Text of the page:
Fed expects to keep its key rate near zero through 2023
WASHINGTON — The Federal Reserve foresees the economy accelerating quickly this year yet still expects to keep its benchmark interest rate pinned near zero through 2023, despite concerns in financial markets about potentially higher inflation.
With its brightening outlook, the Fed on Wednesday significantly upgraded its forecasts for growth and inflation. It now expects the economy to expand 6.5 percent this year, up sharply from its previous projection in December of 4.2 percent. And the Fed raised its forecast for inflation by the end of this year from 1.8 percent to 2.4 percent after years of chronically low price increases.
The Fed also said it would continue its monthly purchases of $120 billion in bonds, which are intended to keep longer-term borrowing costs low.
On Wall Street, investors registered their approval of the Fed’s low-rate message, sending stock indexes higher. And the closely watched yield on the 10-year Treasury note, which has surged in recent weeks on inflation concerns, declined slightly.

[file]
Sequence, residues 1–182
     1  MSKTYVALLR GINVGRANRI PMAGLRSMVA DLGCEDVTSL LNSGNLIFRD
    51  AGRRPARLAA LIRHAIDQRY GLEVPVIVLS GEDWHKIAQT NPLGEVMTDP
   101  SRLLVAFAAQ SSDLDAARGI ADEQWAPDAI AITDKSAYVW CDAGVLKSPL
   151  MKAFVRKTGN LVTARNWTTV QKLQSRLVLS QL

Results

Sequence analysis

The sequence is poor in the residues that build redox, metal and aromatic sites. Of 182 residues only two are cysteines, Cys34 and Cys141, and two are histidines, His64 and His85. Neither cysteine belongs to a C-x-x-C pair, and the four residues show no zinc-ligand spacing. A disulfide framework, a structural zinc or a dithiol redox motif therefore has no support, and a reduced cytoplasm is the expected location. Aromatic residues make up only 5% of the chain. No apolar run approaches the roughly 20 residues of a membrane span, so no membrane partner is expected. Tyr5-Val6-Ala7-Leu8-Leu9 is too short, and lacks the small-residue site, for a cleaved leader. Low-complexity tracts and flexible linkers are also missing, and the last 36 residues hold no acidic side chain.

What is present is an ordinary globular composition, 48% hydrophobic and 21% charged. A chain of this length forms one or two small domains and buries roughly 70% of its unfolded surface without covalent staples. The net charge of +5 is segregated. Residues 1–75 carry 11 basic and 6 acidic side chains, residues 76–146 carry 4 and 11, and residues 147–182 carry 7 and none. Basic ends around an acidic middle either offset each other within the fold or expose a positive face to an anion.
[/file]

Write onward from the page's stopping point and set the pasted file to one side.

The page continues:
Still, the Fed’s upgraded forecasts raised questions about what would cause it eventually to raise its key short-term rate, which affects many consumer and business loans. As the economy strengthens, the policymakers think the unemployment rate will drop faster than they thought in December: They foresee unemployment falling from its current 6.2 percent to 4.5 percent by year’s end and to 3.9 percent, near a healthy levetl, at the end of 2022.
That suggests that the central bank will be close to meeting its goals by 2023, when it expects inflation to exceed its 2 percent target level and for unemployment to be at 3.5 percent, which is where it was before the pandemic struck. Yet it still doesn’t project a rate hike then.